by Ronnie Lillard
The history of Crittenden was first handed down in the form or oral tradition; therefore, much of the early history had been lost of forgotten. Crittenden was named by Mrs. John Finley for the distinguished statesman, John J. Crittenden, who was three times elected to the United States Senate, twice appointed Attorney General of the United States, and once served as Governor of Kentucky.
Crittenden has had several disastrous fires; one of these destroyed the business section of town May 5, 1867, and another destroyed the southern part of town, April 14, 1897. The early schools of Crittenden were private schools of the academy type. From 1841 to 1846 the Reverend Thomas Henderson taught a school at the "Wells," which is now part of the Lloyd Estate. In the 1850's a college was started where the Bank of Crittenden is now located. It was called Union College in order to get support from all the churches. It attracted young people from the surrounding counties who came to Crittenden to enroll in the college. About 1892 a frame building was built for a public school. In 1911, Crittenden and Grant County had its first high school graduate, Miss Jessie Crutcher.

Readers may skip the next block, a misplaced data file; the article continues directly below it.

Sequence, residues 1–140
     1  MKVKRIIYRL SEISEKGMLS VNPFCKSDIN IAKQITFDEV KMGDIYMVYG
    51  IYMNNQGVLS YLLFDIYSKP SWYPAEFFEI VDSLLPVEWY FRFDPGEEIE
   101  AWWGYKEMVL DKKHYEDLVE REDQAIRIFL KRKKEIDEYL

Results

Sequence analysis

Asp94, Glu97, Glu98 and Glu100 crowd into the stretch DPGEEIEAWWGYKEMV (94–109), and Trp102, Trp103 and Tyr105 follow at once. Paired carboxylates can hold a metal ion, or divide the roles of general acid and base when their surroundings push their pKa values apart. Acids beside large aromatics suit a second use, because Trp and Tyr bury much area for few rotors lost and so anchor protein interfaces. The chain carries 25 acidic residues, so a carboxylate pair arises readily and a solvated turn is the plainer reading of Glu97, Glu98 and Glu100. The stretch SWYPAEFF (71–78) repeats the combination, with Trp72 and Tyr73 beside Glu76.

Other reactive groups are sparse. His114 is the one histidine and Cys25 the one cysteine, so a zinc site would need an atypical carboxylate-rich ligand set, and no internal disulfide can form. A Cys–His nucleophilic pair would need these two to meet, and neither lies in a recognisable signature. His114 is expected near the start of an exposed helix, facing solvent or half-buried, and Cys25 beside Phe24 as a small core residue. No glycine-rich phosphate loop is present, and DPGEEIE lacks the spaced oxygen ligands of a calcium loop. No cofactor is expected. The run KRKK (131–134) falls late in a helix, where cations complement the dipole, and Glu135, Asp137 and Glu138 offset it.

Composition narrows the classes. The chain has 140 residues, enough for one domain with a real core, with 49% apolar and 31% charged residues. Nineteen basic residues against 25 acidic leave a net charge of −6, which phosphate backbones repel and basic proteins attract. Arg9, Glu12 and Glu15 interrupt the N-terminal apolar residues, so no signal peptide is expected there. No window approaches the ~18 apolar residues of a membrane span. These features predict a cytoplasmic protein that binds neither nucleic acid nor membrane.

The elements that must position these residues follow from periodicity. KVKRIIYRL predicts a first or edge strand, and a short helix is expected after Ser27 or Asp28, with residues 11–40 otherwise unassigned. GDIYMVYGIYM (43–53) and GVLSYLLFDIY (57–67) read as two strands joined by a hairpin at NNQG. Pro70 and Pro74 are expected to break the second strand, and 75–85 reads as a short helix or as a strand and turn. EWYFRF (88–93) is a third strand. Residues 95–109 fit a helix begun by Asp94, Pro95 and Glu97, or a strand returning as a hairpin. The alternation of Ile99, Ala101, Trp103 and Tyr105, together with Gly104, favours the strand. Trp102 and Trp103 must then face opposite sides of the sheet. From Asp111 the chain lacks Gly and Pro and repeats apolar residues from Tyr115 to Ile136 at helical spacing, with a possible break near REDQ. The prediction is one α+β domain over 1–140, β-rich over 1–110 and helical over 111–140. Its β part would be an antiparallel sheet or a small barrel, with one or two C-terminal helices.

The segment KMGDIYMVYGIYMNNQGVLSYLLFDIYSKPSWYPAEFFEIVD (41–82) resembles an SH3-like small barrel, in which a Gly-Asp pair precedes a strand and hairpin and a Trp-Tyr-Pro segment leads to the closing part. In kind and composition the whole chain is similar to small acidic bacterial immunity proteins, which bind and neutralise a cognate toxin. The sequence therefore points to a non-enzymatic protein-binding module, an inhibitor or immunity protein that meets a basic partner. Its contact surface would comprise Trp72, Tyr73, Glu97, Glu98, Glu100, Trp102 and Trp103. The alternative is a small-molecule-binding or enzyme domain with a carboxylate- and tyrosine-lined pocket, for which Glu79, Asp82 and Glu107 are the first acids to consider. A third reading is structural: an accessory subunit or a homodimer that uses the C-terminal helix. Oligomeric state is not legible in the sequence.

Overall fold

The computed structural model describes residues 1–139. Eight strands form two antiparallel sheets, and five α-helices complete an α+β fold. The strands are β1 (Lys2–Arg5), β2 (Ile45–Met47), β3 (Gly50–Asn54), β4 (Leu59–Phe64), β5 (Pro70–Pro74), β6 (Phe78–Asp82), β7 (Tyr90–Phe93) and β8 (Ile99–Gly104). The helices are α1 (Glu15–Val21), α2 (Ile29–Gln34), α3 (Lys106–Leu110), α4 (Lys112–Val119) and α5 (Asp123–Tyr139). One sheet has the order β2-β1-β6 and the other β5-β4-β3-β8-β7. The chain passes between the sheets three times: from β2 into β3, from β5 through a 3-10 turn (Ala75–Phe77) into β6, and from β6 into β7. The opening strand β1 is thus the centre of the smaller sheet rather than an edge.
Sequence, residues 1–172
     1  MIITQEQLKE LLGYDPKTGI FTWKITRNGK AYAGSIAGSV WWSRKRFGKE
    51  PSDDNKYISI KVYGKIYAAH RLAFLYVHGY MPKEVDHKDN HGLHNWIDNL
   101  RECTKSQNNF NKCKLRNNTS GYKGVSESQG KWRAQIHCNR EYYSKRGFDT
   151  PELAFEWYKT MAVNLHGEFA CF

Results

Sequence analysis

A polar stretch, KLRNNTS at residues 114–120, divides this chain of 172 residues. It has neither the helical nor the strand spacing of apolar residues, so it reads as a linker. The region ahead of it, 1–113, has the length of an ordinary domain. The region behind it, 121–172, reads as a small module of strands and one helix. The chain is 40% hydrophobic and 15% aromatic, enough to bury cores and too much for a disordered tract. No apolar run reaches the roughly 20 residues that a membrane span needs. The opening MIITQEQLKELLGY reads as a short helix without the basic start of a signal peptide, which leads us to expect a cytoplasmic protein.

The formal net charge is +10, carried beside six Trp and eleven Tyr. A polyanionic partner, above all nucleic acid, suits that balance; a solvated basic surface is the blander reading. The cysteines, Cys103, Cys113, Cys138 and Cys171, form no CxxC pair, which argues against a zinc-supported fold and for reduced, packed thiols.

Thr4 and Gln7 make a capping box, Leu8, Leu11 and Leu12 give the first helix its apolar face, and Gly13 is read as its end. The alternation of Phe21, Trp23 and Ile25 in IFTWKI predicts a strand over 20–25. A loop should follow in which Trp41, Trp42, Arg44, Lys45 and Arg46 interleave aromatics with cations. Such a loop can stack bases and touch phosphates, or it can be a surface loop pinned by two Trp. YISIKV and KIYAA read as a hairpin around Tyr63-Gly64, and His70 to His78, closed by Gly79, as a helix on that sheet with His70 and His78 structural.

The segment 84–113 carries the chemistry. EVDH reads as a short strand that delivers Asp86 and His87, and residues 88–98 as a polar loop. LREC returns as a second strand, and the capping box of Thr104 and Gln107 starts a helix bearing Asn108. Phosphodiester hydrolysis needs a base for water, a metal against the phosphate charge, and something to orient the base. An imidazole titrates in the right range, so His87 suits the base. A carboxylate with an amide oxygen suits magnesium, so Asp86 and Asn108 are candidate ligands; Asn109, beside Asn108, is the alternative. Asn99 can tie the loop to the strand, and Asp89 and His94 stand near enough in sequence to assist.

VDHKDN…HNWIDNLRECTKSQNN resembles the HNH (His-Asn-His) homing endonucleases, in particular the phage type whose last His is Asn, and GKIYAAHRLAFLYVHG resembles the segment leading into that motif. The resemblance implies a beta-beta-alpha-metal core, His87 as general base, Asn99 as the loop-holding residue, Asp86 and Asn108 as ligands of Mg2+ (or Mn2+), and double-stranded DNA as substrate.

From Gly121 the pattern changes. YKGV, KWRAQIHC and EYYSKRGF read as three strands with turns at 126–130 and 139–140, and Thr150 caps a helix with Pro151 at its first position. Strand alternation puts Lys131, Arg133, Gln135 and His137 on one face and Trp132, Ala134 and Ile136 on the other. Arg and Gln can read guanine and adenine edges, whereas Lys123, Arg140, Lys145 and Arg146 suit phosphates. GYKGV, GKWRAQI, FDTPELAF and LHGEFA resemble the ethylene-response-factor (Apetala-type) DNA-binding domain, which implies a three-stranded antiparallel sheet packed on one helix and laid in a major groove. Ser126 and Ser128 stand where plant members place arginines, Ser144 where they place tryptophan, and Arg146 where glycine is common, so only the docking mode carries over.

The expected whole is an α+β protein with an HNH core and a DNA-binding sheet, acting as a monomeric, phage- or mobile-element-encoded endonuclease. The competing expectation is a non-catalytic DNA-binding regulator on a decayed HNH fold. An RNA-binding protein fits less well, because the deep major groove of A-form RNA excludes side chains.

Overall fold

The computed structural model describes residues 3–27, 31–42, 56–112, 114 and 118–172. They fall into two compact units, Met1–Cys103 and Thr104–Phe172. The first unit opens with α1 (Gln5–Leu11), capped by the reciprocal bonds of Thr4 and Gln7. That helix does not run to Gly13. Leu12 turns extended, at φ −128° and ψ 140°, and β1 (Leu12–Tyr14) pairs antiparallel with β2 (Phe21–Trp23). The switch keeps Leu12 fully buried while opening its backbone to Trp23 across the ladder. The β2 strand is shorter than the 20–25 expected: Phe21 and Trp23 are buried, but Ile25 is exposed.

Many famous men have passed through or stopped at Crittenden. Among these were the beloved statesman, Henry Clay, President Rutherford B. Hayes, and General Lafayette. When Lafayette stopped here at the Henderson House, which was a wayside inn, all the people of the community came to pay their respects to the great Frenchman. A pet deer that belonged to the proprietor's daughter was killed to provide a dinner of venison for the distinguished man and his companions.
From a collection of essays written in American Literature Eleven. The class was taught by Ms. Hazel Ogden of Grant County High School in the 1963-1964 school year, and was typed by the typing classes of Mrs. Mattie Cox. It is copyrighted by the Grant County Schools, and is used here with their kind permission. We found a copy in UK's King Library.